A spleen tyrosine kinase inhibitor attenuates the proliferation and migration of vascular smooth muscle cells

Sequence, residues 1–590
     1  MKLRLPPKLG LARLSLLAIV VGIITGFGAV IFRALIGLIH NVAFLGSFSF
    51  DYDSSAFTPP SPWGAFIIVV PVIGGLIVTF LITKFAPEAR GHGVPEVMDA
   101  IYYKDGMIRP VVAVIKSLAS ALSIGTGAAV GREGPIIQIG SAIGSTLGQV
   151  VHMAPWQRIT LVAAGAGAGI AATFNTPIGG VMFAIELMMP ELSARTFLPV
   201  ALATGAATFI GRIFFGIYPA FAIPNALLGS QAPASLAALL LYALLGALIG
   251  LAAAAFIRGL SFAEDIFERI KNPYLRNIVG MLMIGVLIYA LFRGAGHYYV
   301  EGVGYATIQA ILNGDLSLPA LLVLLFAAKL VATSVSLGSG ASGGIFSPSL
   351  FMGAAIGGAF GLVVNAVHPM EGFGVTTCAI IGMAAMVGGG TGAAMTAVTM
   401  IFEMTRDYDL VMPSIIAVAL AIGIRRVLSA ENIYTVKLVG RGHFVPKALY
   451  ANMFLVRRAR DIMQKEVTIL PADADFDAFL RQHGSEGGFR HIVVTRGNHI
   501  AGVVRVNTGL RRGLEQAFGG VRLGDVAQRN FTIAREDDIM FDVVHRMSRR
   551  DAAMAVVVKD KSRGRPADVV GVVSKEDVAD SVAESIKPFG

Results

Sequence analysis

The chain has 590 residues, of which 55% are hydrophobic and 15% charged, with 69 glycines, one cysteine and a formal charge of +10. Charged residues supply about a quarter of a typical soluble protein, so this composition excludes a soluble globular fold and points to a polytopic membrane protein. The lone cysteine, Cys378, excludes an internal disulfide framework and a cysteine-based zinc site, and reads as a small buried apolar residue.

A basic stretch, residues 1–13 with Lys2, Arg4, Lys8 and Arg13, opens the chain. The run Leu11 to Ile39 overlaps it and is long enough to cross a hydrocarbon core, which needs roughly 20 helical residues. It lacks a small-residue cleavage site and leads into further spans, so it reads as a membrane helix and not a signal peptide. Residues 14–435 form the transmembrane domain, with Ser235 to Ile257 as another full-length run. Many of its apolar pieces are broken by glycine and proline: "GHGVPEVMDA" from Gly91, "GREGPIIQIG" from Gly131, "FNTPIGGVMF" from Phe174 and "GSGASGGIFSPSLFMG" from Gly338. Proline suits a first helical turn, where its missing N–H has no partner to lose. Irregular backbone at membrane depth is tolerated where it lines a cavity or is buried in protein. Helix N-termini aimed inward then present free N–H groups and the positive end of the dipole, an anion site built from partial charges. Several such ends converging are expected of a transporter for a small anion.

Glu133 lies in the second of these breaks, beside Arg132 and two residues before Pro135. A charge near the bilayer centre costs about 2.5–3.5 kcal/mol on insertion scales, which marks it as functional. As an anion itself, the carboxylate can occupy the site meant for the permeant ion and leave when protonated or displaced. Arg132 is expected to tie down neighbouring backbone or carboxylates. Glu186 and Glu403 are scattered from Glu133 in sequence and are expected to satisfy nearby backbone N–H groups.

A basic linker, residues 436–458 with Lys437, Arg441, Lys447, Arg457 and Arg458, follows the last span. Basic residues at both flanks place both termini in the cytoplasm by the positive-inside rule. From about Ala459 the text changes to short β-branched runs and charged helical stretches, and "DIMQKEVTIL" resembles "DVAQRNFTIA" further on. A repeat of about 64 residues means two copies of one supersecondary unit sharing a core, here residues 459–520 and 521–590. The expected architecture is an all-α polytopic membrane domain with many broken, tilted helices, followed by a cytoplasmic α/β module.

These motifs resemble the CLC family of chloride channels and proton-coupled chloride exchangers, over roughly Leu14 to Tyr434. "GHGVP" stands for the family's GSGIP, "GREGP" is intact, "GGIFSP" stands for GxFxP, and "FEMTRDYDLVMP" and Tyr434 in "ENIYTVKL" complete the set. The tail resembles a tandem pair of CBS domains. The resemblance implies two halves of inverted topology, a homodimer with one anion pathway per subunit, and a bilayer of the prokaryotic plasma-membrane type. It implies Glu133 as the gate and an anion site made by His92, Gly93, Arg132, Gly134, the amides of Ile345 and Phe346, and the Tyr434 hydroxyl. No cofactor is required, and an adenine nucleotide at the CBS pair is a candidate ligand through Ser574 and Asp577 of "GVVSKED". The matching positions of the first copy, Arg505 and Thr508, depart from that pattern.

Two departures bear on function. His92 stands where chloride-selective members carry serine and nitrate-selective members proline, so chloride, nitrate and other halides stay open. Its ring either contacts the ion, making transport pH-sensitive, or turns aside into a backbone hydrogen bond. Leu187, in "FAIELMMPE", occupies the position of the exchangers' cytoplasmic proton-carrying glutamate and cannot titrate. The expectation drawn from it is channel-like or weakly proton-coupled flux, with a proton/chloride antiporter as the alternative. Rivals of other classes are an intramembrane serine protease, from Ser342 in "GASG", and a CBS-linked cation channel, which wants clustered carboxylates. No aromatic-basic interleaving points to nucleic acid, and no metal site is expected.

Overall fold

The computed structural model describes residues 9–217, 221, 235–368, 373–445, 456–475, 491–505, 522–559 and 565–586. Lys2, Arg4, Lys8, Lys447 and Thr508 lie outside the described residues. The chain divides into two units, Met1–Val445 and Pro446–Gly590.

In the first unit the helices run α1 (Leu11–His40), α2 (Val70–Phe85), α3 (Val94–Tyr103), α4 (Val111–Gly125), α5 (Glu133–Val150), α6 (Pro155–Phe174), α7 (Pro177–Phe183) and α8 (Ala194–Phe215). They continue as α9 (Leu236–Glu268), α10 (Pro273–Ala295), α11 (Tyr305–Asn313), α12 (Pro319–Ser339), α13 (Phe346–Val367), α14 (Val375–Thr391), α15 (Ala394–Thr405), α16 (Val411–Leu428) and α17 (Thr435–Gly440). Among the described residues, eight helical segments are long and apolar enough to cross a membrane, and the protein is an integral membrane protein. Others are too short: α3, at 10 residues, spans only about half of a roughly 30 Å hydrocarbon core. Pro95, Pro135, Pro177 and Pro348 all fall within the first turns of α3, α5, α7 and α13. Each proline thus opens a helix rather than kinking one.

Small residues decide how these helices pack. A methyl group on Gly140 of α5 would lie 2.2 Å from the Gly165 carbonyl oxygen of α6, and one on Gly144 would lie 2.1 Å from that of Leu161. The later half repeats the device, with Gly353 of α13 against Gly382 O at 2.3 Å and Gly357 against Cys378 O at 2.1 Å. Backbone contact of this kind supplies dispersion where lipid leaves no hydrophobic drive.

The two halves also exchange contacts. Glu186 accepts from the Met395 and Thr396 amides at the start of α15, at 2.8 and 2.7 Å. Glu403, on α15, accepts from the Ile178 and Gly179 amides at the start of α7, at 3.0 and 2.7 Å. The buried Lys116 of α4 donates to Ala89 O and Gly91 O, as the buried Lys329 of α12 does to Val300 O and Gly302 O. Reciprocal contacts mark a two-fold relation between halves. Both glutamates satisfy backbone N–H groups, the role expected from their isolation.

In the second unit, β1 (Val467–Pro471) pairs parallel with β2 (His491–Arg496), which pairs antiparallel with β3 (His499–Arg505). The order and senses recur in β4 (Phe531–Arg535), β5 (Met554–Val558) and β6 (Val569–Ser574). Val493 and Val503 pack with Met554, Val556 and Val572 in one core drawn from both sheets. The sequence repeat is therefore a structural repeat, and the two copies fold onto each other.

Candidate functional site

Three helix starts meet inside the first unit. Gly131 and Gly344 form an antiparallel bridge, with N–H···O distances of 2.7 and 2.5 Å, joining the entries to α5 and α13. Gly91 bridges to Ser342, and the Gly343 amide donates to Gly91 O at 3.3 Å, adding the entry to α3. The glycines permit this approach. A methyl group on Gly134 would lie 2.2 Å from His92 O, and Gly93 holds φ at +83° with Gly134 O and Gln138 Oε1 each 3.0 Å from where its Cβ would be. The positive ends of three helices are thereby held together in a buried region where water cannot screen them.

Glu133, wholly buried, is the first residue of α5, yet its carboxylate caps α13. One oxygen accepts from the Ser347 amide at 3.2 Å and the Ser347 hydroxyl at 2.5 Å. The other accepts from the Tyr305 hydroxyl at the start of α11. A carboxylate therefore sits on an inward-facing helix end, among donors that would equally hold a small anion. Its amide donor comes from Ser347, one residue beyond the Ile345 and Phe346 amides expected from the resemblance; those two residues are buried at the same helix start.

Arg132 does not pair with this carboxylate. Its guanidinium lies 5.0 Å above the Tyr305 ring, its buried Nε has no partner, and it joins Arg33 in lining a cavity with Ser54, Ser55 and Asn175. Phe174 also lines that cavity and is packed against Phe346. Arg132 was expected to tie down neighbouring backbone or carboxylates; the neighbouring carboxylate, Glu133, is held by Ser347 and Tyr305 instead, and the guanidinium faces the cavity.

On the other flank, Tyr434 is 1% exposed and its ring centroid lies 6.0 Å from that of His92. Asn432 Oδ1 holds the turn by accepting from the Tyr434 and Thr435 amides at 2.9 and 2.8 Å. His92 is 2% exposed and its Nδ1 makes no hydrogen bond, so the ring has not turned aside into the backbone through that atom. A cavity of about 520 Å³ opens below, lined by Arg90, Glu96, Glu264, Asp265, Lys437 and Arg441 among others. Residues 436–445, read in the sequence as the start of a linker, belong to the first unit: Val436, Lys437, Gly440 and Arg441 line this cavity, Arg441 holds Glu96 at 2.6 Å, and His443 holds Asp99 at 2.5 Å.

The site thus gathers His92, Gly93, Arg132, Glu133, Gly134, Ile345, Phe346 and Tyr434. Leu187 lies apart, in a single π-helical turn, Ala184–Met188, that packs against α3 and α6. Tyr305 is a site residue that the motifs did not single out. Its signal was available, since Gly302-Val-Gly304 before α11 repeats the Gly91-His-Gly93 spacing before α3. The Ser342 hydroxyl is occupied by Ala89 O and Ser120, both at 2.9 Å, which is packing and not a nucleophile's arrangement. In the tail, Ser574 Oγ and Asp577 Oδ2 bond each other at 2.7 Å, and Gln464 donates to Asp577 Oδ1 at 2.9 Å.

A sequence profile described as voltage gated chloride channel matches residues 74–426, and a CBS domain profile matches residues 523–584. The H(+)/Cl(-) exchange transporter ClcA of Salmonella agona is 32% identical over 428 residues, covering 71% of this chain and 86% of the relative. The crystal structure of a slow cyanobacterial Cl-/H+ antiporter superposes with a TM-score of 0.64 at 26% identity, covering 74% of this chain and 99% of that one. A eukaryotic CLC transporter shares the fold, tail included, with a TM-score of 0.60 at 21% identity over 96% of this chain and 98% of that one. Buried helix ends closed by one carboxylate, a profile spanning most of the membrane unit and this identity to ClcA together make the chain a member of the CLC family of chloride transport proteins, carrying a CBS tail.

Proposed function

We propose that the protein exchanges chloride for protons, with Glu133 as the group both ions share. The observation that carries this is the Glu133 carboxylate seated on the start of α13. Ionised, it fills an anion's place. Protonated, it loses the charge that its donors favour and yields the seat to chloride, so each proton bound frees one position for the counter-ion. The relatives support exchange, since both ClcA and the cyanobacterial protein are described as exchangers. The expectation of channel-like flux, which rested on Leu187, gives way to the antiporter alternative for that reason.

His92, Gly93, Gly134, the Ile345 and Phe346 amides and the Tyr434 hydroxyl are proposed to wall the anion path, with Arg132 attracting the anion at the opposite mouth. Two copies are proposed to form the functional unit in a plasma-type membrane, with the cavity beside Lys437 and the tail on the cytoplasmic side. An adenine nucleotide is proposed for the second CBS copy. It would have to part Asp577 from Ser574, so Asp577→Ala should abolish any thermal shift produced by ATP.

Abstract Background Pathologic vascular smooth muscle cell (VSMC) proliferation and migration after vascular injury promotes the development of occlusive vascular disease. Therefore, an effective chemical agent to suppress aberrant proliferation and migration of VSMCs can be a potential therapeutic modality for occlusive vascular disease such as atherosclerosis and restenosis. To find an anti-proliferative chemical agent for VSMCs, we screened an in-house small molecule library, and the selected small molecule was further validated for its anti-proliferative effect on VSMCs using multiple approaches, such as cell proliferation assays, wound healing assays, transwell migration assays, and ex vivo aortic ring assay. Results Among 43 initially screened small molecule inhibitors of kinases that have no known anti-proliferative effect on VSMCs, a spleen tyrosine kinase (Syk) inhibitor (BAY61-3606) showed significant anti-proliferative effect on VSMCs. Further experiments indicated that BAY61 attenuated the VSMC proliferation in both concentration- and time-dependent manner, and it also significantly suppressed the migration of VSMCs as assessed by both wound healing assays and transwell assays. Additionally, BAY61 suppressed the sprouting of VSMCs from endothelium-removed aortic rings. Conclusion The present study identified a Syk kinase inhibitor as a potent VSMC proliferation and migration inhibitor and warrants further studies to elucidate its underlying molecular mechanisms, such as its primary target, and to validate its in vivo efficacy as a therapeutic agent for restenosis and atherosclerosis.